Morley Safer in his office on April 21, 1980
CBS Photo Archiveā€”CBS via Getty Images
By Nash Jenkins
Updated: May 19, 2016 11:26 PM ET | Originally published: May 16, 2016

For just shy of half a century, Morley Safer was one of the most multifarious journalists on CBS’ 60 Minutes, filing nearly a thousand dispatches on a dizzying array of subjects — from race relations in the U.S. to the tango in Finland — and from all corners of the planet. Certainly he’s the most enduring — he joined as a correspondent in 1970, in the show’s third season.

He died on Thursday night at age 84. Safer’s death came mere days after his retirement from 60 Minutes, which commemorated his career last Sunday night with an hour-long biographical tribute. Much of his career has been storied, but there are several moments especially worthy of remembering:

1. Cam Ne. In 1965, after working for CBS News in London, Safer opened the organization’s bureau in Saigon amid the fervor and uncertainty of the Vietnam War. That August, he reported from the village of Cam Ne, where U.S. Marines used flamethrowers to torch civilian homes. So incendiary was the report — it was among the first to suggest that all was not well in Indochina — that President Lyndon B. Johnson called CBS and accused Safer of having “shat on the American flag.” The Canadian-born reporter later said that the Johnson Administration wanted him fired, and that there were allegations that he was a Soviet KGB agent. The broadcast is remembered today as a revolutionary journalistic feat.

2. Lenell Geter. He was a young engineer in Texas wrongfully sentenced to a life sentence in prison for the armed robbery of a Kentucky Fried Chicken restaurant. In 1983, Safer thought the story “smelled to high heaven,” and so he and the team at 60 Minutes dug into it. A week after the special aired, Geter was released from prison. He later said that Safer saved his life.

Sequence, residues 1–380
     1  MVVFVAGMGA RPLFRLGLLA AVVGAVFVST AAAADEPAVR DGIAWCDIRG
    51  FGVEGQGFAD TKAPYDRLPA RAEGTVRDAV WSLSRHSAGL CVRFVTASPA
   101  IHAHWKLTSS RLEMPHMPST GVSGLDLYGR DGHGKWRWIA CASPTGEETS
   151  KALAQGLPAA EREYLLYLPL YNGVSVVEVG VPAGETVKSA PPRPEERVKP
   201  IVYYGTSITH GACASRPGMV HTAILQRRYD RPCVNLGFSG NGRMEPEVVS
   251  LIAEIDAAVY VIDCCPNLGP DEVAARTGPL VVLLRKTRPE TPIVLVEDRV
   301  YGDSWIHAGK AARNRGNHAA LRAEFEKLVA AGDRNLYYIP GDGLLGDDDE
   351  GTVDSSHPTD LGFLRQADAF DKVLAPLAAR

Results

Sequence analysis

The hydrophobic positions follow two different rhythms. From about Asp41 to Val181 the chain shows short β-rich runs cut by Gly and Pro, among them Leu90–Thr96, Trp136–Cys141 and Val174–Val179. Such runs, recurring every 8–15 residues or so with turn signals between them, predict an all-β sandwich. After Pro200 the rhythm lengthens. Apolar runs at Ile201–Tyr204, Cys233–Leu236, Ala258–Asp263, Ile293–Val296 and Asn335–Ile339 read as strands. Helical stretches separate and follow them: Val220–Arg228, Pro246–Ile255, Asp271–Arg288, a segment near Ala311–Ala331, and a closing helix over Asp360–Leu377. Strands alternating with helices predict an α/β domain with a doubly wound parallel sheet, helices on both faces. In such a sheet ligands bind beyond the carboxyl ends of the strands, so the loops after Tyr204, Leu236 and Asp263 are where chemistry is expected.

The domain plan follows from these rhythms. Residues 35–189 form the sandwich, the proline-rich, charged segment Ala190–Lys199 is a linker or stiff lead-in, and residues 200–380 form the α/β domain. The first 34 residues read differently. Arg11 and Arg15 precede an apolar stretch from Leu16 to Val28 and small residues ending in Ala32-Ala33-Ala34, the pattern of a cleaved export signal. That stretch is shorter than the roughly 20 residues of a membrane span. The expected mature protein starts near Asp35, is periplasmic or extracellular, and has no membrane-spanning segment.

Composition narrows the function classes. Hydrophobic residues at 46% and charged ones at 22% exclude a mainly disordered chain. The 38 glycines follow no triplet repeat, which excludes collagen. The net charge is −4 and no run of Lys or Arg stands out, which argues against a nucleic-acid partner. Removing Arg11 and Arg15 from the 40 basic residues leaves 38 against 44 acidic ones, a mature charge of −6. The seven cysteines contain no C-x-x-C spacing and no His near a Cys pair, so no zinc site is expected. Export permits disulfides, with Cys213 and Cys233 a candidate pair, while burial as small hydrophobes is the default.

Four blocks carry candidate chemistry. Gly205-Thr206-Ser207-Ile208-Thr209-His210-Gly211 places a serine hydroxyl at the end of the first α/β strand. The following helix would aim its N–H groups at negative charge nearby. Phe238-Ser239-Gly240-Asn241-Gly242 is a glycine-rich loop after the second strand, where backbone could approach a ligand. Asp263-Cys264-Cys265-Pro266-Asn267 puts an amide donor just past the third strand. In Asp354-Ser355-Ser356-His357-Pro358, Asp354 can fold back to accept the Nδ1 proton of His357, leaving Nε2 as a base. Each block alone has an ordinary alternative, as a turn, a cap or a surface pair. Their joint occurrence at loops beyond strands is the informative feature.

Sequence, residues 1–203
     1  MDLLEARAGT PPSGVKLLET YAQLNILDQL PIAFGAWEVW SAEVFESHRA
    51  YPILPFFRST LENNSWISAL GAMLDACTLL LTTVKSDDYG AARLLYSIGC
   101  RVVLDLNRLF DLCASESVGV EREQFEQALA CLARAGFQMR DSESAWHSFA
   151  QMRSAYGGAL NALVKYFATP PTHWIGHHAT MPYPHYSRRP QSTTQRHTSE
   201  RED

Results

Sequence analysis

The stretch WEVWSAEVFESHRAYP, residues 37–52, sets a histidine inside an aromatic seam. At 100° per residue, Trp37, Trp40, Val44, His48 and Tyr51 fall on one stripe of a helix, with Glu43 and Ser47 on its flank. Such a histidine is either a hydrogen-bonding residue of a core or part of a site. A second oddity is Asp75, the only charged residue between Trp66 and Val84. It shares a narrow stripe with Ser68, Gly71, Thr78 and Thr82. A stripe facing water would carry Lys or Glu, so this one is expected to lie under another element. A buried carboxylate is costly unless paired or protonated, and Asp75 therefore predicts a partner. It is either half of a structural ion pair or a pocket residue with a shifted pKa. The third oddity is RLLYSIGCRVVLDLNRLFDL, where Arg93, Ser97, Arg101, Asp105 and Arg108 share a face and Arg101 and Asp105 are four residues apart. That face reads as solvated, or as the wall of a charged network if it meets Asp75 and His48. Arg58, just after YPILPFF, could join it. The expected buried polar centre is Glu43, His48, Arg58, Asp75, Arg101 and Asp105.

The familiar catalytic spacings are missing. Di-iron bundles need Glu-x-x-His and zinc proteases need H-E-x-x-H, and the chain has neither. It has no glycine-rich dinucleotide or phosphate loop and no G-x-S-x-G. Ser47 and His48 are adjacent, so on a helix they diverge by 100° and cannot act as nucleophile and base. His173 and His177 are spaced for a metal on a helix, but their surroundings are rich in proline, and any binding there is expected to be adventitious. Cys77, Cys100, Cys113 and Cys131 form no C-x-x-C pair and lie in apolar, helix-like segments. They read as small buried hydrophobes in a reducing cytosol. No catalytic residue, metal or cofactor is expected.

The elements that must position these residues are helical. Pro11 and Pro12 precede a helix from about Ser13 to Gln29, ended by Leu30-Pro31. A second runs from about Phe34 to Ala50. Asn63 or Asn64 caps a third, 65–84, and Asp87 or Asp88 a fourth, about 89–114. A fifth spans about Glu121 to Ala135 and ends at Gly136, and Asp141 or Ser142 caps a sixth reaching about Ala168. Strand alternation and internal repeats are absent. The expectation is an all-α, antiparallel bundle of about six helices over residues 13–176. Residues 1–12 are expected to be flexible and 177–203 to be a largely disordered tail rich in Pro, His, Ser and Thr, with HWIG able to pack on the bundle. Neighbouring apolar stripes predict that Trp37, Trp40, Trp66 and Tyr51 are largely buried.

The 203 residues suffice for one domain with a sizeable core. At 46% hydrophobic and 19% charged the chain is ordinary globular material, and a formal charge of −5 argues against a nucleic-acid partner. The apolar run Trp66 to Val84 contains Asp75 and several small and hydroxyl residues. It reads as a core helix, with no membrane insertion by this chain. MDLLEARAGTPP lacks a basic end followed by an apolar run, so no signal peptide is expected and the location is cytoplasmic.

3. The art world. What is art? In 1993, Safer, an art enthusiast, decided to ask that question in an unmerciful look at an art world he deemed pretentious and mostly asinine. He began the report by describing works of art that had sold for six figures — including a vacuum cleaner and a pair of urinals — before launching into a dissection of big-name celebrity artists like Jeff Koons and Cy Twombly. Koons and Twombly made it out alive, but the art world apparently never forgave Safer. “They don’t like him for it,” Jeff Fager, 60 Minutes’ executive producer, said on Sunday’s special.

Safer says he happily stands by everything he said.

4. Anna Wintour. The editor in chief of Vogue might be best known for her reputation as an allegedly authoritarian figure, in large part because the successful novel (and then film) The Devil Wears Prada was reportedly inspired by her supposed style of newsroom leadership. But Safer didn’t seem fazed when he sat down with Wintour in 2009 — her first extensive interview on U.S. television — chatting genially with her about her persona (“If I’m such a bitch, they must be gluttons for punishment, because they’re still here,” she said of her employees) and the oversize sunglasses perennially on her face, which Wintour described as “seriously useful.”

“I can sit in a [fashion] show and f I’m bored out of my mind, nobody will notice,” she said.

5. Ruth and Andrew Madoff. Three years after Bernie Madoff was sentenced to a century and a half in prison for orchestrating the largest financial fraud in American history, his wife and son sat down with Safer for a heart-wrenchingly frank conversation about bearing witness to the crime. Ruth confessed to Safer in the 60 Minutes special that after news of the scam made headlines, she and her husband had attempted suicide by swallowing pills.

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